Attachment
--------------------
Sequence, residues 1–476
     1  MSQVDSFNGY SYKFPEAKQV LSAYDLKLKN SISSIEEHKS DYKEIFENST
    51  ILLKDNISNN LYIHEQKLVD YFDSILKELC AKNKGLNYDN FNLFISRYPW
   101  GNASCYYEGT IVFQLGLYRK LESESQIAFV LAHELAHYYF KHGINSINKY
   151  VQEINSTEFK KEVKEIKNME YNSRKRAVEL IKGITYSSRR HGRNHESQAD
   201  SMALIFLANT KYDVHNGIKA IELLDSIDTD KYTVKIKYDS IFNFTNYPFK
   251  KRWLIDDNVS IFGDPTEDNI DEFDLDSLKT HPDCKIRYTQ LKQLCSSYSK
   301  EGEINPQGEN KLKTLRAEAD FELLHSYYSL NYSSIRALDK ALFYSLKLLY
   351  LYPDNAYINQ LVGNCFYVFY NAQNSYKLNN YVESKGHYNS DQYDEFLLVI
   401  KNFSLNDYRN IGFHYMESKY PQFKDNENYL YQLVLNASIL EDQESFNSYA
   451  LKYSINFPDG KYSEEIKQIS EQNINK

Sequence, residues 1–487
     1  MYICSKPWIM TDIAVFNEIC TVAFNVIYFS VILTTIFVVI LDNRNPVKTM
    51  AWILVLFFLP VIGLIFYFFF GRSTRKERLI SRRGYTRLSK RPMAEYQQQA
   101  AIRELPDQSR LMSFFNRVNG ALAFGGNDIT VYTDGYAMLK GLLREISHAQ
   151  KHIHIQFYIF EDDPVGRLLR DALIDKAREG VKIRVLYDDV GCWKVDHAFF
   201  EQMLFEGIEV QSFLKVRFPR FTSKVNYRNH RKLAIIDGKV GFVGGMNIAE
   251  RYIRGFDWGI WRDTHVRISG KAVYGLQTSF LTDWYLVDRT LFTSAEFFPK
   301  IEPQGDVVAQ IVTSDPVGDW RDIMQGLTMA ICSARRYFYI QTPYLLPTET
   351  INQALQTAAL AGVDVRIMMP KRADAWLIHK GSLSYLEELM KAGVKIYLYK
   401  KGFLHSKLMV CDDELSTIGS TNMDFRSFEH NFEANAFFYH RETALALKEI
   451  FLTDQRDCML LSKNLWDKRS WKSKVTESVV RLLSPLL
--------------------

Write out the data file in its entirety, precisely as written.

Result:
Sequence, residues 1–476
     1  MSQVDSFNGY SYKFPEAKQV LSAYDLKLKN SISSIEEHKS DYKEIFENST
    51  ILLKDNISNN LYIHEQKLVD YFDSILKELC AKNKGLNYDN FNLFISRYPW
   101  GNASCYYEGT IVFQLGLYRK LESESQIAFV LAHELAHYYF KHGINSINKY
   151  VQEINSTEFK KEVKEIKNME YNSRKRAVEL IKGITYSSRR HGRNHESQAD
   201  SMALIFLANT KYDVHNGIKA IELLDSIDTD KYTVKIKYDS IFNFTNYPFK
   251  KRWLIDDNVS IFGDPTEDNI DEFDLDSLKT HPDCKIRYTQ LKQLCSSYSK
   301  EGEINPQGEN KLKTLRAEAD FELLHSYYSL NYSSIRALDK ALFYSLKLLY
   351  LYPDNAYINQ LVGNCFYVFY NAQNSYKLNN YVESKGHYNS DQYDEFLLVI
   401  KNFSLNDYRN IGFHYMESKY PQFKDNENYL YQLVLNASIL EDQESFNSYA
   451  LKYSINFPDG KYSEEIKQIS EQNINK

Sequence, residues 1–487
     1  MYICSKPWIM TDIAVFNEIC TVAFNVIYFS VILTTIFVVI LDNRNPVKTM
    51  AWILVLFFLP VIGLIFYFFF GRSTRKERLI SRRGYTRLSK RPMAEYQQQA
   101  AIRELPDQSR LMSFFNRVNG ALAFGGNDIT VYTDGYAMLK GLLREISHAQ
   151  KHIHIQFYIF EDDPVGRLLR DALIDKAREG VKIRVLYDDV GCWKVDHAFF
   201  EQMLFEGIEV QSFLKVRFPR FTSKVNYRNH RKLAIIDGKV GFVGGMNIAE
   251  RYIRGFDWGI WRDTHVRISG KAVYGLQTSF LTDWYLVDRT LFTSAEFFPK
   301  IEPQGDVVAQ IVTSDPVGDW RDIMQGLTMA ICSARRYFYI QTPYLLPTET
   351  INQALQTAAL AGVDVRIMMP KRADAWLIHK GSLSYLEELM KAGVKIYLYK
   401  KGFLHSKLMV CDDELSTIGS TNMDFRSFEH NFEANAFFYH RETALALKEI
   451  FLTDQRDCML LSKNLWDKRS WKSKVTESVV RLLSPLL